Thameslink returns!

June 3rd, 2014

It was recently announced that GoVia have been awarded the new Thameslink Southern Great Northern (TSGN) rail franchise, with the new management taking over in September 2014. GoVia is a consortium of the British firm GoAhead (mostly an operator of buses) and the French firm Keolis, which is part of the state-owned rail operator SNCF. They will take over the services currently run by First Capital Connect, some operated by Southeastern, and then integrate all the services operated by Southern from 2015 onwards. GoVia have promised that they will resurrect the “Thameslink” brand for this extensive network.

Looking at this mostly from a Cambridge perspective, a number of interesting service improvements are promised for our route:

  • firstly, the ongoing refresh of the Class 365 trains will continue over the summer, so the new operator should have a newly-refurbished fleet of trains on the fast services to Cambridge and King’s Lynn
  • the current hourly service to King’s Lynn will become half-hourly from May 2o17 (once the junction improvements in Ely have been completed)
  • the Cambridge-Kings Cross expresses will be retimed to get the journey time down below 50 minutes again (this is probably as a result of needing less margin now that the Hitchin flyover is open)
  • new trains (the Siemens Class 700) will be introduced

Once the Thameslink Programme is complete in 2018, there’ll be quite a big change to the timetable. The DfT and the Thameslink Programme have both published maps that show services we can expect in four years time – now, there’s always a risk that they might be changed again in that time, but it’s worth having a look now anyway.

Promises, promises

So, the DfT map promises (mouse over “Cambridge”) that Cambridge will have “six trains an hour to and from central London off-peak” from 2018. Cambridge currently has four trains an hour to London off-peak: two non-stop (one of which has come from King’s Lynn), one semi-fast (calling at Royston, Letchworth etc) and one slow one that serves all the stations between Cambridge and Hitchin and then major stations into London. So, what’s going to happen to the existing services, and what new services will we get?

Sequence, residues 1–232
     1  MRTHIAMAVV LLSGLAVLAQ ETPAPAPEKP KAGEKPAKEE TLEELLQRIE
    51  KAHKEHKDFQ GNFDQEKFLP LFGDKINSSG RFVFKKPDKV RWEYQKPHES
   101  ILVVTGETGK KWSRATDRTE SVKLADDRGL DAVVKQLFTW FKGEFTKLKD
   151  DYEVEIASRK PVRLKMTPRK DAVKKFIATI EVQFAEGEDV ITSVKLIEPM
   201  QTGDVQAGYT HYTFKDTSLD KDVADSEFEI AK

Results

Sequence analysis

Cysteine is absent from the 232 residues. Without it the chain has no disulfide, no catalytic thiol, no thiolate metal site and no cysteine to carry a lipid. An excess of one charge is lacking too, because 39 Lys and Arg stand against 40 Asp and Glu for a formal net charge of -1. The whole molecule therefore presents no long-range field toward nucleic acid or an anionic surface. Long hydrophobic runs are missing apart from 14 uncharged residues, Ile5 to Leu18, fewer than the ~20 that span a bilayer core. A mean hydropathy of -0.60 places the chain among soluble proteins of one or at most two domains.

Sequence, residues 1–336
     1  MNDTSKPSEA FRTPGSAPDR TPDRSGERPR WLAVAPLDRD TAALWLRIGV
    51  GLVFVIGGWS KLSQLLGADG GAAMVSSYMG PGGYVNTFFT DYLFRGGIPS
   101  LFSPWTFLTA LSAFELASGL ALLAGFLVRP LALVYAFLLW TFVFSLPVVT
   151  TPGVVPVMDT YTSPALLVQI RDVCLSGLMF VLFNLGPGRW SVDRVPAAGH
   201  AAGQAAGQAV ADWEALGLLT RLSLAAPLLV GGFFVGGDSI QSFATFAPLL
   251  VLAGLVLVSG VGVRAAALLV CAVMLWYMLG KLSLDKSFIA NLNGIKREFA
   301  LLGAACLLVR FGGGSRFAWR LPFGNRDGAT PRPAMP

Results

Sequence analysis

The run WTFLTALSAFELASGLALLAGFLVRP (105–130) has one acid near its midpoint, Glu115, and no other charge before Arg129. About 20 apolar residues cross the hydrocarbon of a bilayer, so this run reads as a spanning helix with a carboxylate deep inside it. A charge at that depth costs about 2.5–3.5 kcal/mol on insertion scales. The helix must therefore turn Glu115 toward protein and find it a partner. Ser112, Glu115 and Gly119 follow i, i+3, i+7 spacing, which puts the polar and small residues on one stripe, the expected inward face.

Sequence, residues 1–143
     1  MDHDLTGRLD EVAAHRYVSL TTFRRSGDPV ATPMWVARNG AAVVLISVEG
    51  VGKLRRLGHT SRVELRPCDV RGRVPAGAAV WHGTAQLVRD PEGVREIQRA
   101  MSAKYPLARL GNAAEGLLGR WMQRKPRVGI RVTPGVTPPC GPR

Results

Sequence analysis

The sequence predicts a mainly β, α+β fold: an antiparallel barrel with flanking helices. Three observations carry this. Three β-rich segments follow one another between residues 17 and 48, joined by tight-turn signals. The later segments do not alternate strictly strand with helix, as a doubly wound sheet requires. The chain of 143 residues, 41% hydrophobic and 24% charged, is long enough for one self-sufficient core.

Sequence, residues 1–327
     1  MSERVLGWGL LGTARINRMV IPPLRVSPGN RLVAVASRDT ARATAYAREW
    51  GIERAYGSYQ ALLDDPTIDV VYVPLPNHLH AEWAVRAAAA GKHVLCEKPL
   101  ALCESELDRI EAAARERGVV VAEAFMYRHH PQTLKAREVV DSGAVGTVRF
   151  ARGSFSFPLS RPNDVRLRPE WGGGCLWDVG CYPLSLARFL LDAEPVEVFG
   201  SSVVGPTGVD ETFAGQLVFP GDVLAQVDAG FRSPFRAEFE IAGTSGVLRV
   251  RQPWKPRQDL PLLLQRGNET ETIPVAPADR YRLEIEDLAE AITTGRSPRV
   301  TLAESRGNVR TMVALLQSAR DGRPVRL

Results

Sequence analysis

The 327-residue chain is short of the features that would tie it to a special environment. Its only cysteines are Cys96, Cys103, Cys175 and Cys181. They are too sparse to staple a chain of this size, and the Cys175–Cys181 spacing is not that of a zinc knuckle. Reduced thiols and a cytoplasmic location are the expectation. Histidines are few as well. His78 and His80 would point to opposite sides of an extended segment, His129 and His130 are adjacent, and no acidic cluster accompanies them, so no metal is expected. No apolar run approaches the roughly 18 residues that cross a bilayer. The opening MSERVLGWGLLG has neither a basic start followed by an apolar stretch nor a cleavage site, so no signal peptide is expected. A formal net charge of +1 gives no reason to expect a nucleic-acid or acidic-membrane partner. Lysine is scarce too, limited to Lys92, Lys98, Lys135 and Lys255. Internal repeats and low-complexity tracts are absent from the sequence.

Helpfully, there’s a clue in the map published by the Thameslink Programme, which shows how trains will be routed through the “Thameslink Core” (between St Pancras and Blackfriars) linking up destinations north and south of London. Each line on the map represents two trains per hour each way (so a half-hourly service, approximately), and two lines are shown as serving Cambridge – making four Thameslink services every hour! The grey line on the map shows a Cambridge to Brighton service, which will also serve Gatwick Airport. The red line shows another Cambridge service serving, err, Tattenham Corner? Really? I used to commute from Croydon to Kingswood on the Tattenham Corner branch – it’s a popular commuter route but by no means a major destination in its own right. Tattenham Corner station itself is really only there to serve Epsom racecourse anyway! However, the reason for doing the Thameslink upgrade is to get more line capacity by reducing the congestion caused at major stations by terminating trains in central London – and the Tattenham Corner off-peak trains currently terminate at London Bridge.

Fast trains to Gatwick and Brighton

Now, my hunch is that the Cambridge-Brighton service will take over the existing stops and timings of the Cambridge semi-fast service, except that it’ll run half-hourly instead of hourly. It currently takes an hour for this service to reach Kings Cross, and likewise an hour for the limited-stop service from London Bridge to Brighton. Given 20 minutes to transit through London and 20 minutes to turn the train round at each end, that makes a nice neat 3 hour cycle – so the half hourly service can be fulfilled using six trains.

Slow trains to Tattenham Corner

I suspect that the Cambridge-Tattenham Corner service will take over the existing Cambridge “slow” train, which takes 90 minutes to reach London. London Bridge to Tattenham Corner services currently take 50 minutes, so with the 20 minute transit time through London that makes 2 hours 40 minutes. Assuming a ten minute turnaround at each end also gives a 3 hour cycle – six trains again would give a half hourly service. If this happens, this’ll be a big step forward for the smaller stations on the Cambridge branch – they’ll get twice as good a service as they get at present.